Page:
The driver of a 2009 BMW 535xi had an unexpected experience recently: his car stopped running in the middle of the road.
The culprit? A leaking oil filter housing that caused the serpentine belt to get caught in the engine.
Because of the leak, the serpentine belt — which surrounds parts of the engine — became soaked with oil.
It slipped off the pulleys, wrapped around the components, and began to fray.
After getting caught around the crankshaft pulley, it started working its way through the crankshaft seal into the timing cover.
Parts of the belt wrapped around the timing chain, throwing the car’s timing off.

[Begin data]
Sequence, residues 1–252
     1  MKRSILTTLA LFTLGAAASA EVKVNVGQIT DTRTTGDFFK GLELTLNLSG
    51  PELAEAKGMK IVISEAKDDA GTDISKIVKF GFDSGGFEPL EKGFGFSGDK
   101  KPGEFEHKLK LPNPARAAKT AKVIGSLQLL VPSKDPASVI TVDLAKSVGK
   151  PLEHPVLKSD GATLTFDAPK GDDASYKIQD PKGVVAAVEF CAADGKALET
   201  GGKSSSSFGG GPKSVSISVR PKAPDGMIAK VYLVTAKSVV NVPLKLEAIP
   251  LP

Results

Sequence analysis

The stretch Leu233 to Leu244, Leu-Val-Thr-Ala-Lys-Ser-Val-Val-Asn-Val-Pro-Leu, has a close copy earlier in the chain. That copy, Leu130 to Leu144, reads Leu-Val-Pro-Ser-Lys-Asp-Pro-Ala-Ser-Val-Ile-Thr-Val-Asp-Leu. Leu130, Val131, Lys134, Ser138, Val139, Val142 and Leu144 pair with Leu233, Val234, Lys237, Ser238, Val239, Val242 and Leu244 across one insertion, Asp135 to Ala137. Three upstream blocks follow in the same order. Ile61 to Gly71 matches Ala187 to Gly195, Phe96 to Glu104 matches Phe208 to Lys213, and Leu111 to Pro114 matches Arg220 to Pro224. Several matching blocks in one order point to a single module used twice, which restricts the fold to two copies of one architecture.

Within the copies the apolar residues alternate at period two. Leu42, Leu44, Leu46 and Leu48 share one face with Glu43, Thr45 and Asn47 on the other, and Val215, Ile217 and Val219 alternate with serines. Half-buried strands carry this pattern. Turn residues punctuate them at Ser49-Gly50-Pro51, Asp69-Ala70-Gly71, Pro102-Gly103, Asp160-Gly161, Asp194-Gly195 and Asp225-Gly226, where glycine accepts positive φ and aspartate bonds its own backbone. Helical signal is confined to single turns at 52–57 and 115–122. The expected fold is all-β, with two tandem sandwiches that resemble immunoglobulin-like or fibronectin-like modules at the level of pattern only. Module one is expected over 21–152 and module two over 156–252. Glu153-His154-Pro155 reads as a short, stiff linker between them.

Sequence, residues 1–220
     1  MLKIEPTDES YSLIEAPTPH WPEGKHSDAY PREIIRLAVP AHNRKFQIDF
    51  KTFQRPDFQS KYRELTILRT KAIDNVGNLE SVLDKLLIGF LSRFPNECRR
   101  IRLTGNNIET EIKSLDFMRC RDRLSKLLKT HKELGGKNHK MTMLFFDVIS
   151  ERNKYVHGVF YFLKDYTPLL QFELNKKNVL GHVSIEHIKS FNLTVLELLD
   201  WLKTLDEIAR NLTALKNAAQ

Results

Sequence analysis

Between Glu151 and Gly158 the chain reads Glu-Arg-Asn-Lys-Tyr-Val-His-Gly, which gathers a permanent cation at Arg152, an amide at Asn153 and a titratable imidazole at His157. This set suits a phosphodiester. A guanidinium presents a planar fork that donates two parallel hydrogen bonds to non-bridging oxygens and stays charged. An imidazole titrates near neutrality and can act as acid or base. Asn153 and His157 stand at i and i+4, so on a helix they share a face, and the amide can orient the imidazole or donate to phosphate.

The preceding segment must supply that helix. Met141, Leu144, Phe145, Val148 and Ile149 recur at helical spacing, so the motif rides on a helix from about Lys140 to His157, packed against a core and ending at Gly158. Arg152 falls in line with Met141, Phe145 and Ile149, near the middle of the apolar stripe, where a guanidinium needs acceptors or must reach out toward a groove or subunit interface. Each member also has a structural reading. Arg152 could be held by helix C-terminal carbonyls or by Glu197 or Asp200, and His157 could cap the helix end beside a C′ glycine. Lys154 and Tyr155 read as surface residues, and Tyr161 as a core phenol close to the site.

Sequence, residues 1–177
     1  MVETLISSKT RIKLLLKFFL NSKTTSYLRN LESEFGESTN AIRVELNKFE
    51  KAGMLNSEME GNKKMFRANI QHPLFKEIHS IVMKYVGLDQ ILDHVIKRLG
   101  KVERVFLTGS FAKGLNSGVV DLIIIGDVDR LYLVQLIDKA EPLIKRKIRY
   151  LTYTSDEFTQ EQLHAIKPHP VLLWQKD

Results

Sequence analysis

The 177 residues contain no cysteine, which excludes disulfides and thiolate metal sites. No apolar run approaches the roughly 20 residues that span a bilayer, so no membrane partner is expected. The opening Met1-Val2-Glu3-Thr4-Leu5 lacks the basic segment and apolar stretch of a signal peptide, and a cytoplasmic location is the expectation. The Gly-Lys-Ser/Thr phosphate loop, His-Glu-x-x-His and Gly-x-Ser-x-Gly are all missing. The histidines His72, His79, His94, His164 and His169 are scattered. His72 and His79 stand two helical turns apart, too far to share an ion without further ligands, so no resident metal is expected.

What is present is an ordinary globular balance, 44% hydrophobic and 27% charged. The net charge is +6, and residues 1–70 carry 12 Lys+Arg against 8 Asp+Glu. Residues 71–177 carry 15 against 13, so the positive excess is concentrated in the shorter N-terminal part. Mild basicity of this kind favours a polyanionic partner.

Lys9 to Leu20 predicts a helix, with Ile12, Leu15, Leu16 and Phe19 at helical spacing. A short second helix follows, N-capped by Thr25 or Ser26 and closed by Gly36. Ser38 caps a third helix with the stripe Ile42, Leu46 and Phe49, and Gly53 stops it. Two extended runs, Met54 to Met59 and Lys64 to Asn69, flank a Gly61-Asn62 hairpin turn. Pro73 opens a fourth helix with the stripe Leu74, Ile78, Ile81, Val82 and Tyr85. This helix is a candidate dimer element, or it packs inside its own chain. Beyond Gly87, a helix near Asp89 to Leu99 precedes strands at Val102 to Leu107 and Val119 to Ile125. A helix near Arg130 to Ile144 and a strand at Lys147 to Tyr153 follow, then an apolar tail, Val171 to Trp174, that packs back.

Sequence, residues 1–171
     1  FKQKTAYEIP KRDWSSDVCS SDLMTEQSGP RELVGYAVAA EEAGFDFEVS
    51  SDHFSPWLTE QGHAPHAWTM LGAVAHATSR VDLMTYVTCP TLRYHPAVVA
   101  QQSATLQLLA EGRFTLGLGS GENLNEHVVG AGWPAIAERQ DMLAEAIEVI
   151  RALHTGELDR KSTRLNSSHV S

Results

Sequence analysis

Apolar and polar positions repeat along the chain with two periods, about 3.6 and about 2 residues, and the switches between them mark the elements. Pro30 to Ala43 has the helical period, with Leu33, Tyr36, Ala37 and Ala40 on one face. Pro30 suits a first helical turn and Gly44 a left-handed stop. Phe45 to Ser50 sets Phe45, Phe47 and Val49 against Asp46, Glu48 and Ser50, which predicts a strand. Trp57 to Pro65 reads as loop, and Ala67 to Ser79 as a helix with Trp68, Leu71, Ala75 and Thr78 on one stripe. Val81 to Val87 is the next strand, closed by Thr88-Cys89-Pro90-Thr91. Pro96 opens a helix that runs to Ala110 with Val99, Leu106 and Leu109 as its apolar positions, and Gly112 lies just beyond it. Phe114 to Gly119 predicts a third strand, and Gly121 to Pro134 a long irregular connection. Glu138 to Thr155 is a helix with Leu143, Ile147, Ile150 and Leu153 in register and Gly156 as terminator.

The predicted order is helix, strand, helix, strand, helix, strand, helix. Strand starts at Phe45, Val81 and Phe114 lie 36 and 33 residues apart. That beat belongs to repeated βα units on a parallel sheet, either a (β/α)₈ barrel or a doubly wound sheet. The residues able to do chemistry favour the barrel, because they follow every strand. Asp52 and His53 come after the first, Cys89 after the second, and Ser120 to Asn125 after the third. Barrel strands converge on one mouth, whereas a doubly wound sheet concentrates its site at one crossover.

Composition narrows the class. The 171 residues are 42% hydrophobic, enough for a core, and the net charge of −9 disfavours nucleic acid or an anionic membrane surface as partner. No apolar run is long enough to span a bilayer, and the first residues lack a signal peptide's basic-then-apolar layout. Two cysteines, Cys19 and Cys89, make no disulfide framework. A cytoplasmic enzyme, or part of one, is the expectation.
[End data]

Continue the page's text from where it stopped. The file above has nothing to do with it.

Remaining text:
It was also caught around the oil pan, which clogged up the oil pickup tube and prevented oil from entering the engine.
When the customer’s car stopped running, he cranked the car and a crunching metal sound could be heard in the front timing cover.
We knew that the timing chain needed to be replaced.
After removing the old timing chain and timing chain unit, our technician cleaned out material from the serpentine belt that had gotten into the timing cover.
New chains, a new tensioner and new bolts for the camshaft, sprockets and crankshaft were then installed.
This article was written by Steve’s Auto Repair & Tire, a locally owned and operated business that has been in service for 36 years. It’s a big supporter of our local community.